Every other week, it seems as though someone’s tinkering with our roads. I’m not talking about the bajillion-dollar infrastructure investment promised by our current president, which would fill potholes and shore up crumbling bridges. I’m talking about new materials for roads that allow them to do new things: harvest sunlight, charge electric cars, and so on.
At first, such pilot projects seemed like so much crazy talk, but now they’re so commonplace, it’s obvious that they’re a thing. Even if they never come to fruition, they’ve encouraged urban planners to think about streets as active elements in the environment, not just passive pathways. Which is pretty cool, IMHO.
The latest demonstration of this kind of thinking involves an LED crosswalk that uses sensors and cameras to let drivers know what pedestrians are up to. Fast Company reports:
Cameras monitor the street from each end, using the data and machine learning to identify whether someone is on a bike, or walking, or driving a car or truck, calculating the speed and trajectory of each road user, and then generating LED-lit patterns that stop traffic, highlight where bikes should wait, and help pedestrians cross. The lights are embedded in high-impact plastic strong enough to handle the weight of cars.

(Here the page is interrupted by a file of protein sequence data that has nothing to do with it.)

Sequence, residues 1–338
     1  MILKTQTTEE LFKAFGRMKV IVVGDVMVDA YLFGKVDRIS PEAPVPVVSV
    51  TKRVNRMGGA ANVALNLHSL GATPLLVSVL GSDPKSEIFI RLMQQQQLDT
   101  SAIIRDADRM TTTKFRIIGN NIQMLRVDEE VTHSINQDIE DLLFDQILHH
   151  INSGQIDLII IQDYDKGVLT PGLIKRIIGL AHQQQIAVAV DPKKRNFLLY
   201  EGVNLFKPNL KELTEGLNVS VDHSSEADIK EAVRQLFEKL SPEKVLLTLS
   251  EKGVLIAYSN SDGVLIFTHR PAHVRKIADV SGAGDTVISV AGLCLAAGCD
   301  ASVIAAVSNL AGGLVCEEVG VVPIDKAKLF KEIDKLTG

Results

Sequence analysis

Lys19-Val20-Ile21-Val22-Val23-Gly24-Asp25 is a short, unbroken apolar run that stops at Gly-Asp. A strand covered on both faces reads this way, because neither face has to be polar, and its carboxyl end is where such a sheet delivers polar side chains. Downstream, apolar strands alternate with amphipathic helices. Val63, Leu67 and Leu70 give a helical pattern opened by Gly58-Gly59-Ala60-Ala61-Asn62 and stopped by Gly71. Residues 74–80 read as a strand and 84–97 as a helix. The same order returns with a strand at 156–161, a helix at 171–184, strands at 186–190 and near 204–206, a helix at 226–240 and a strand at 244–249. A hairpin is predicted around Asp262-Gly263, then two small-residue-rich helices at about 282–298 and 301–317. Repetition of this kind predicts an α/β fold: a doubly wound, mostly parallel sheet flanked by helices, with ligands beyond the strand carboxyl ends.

Over time, the system learns the shortcuts people take across the street, and reshapes the crossing to fit those natural paths. The idea was inspired by ants, which leave a path of pheromones for other ants; the process is an example of “stigmergy,” a way of generating complex systems without planning. (The new road design is called the Starling Crossing, short for “STigmergic Adaptive Responsive LearnING”). The system can also learn where crossing is safest, and guide pedestrians to those locations.